(see Fig. 3) displays the spectra of subsegments and the waveform of the entire recording segment for each profile point. If needed, the user may alter the consid ered frequency range and the maximum spectra ampli tude. It is also possible to present the spectra on a loga rithmic scale. The user denotes the least noisy record ing segments for each measurement point. The selected segments are stored in random access mem ory, and the calculation of I i , conversion of frequen cies into the depth values, and the output file genera tion are performed after the last recording segment is processed. Thus, the DAK software package algorithm for processing the data obtained via the microseismic sounding method is a flexible chain of operations that is configured by the handler. The data processing structure is shown in Fig. 4. Alternative or optional algorithm steps are shown with thin arrows. RESULTS OF USING THE DAK SOFTWARE PACKAGE FOR PROCESSING THE DATA OBTAINED VIA THE MICROSEISMIC SOUNDING METHOD The results of processing the recordings made along the profiles crossing the volcanic pipe of the Nenoksa field in the Arkhangelsk diamondiferous province and the Beshtau laccolith in the Pyatigorsk volcanic center are presented as an example to illus trate the usage of the DAK software package for pro cessing the seismic recordings obtained via the microseismic sounding method. SEISMIC INSTRUMENTS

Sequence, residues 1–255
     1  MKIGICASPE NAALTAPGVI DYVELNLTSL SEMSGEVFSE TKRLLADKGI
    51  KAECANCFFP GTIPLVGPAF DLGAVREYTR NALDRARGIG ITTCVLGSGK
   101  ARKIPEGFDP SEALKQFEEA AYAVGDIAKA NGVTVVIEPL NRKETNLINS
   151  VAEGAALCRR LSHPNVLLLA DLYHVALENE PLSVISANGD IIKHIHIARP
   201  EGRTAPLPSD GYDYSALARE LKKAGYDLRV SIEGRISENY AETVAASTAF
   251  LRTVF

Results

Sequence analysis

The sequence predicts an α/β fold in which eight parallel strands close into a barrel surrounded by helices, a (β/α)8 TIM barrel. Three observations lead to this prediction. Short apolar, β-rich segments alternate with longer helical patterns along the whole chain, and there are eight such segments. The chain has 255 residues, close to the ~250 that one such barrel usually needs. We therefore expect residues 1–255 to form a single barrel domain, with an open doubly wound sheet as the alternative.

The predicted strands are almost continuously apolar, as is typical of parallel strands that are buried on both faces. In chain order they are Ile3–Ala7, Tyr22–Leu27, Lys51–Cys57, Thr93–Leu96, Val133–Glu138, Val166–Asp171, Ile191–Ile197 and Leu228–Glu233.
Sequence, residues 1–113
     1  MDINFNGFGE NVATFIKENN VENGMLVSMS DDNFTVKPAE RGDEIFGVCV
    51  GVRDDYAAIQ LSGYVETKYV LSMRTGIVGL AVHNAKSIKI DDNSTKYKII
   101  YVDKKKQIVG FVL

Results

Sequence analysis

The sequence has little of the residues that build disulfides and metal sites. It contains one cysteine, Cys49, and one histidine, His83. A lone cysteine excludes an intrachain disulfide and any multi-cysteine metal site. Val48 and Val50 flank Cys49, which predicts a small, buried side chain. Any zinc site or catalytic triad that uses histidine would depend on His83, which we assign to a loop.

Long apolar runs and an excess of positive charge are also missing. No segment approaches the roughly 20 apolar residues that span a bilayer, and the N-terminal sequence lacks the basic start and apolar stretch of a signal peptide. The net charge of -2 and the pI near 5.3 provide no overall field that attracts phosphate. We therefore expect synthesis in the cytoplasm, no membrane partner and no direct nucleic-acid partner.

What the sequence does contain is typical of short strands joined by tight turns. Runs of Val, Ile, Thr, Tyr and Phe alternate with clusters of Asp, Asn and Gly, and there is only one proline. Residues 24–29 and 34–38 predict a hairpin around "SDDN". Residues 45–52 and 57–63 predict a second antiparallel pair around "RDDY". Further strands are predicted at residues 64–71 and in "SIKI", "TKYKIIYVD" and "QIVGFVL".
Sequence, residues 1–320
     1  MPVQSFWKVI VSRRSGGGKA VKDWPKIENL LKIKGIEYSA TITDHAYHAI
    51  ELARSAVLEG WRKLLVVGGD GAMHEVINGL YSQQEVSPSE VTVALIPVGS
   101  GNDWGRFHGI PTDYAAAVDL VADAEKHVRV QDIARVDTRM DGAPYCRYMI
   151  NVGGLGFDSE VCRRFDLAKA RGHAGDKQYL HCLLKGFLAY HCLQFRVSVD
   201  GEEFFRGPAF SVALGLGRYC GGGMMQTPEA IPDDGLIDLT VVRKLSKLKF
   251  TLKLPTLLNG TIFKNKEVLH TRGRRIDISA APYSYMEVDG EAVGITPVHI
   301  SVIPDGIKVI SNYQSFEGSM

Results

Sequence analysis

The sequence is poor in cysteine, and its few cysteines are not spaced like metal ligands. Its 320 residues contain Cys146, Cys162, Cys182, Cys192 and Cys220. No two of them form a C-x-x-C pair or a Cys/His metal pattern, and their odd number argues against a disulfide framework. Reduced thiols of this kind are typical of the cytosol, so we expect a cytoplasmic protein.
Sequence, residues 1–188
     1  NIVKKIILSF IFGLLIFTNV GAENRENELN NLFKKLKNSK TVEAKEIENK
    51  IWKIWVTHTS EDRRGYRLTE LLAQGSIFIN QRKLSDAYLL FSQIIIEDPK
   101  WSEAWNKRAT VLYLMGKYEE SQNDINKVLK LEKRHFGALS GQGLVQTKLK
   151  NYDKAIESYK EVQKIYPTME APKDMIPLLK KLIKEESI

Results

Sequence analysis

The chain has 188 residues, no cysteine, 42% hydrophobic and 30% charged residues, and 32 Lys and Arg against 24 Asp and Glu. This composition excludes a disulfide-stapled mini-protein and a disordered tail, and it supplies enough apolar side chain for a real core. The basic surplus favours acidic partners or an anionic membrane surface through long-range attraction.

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PROCESSING THE DIGITAL MICROSEISM RECORDINGS Converting the field microseism recordings into the database


Waveform adjustment

Calculating the spectra based on individual recording segments

Station recordings banding

Data screening

Processing the spectra summation results

Data caching

Spectra summation Enveloping


Calculating the relative intensity relative to a reference point

a profile point

Calculating the relative intensity distribution

Subtracting the frequency average

Plotting the profiles in geoinformation systems

Fig. 4. Data processing structure of the DAK software package.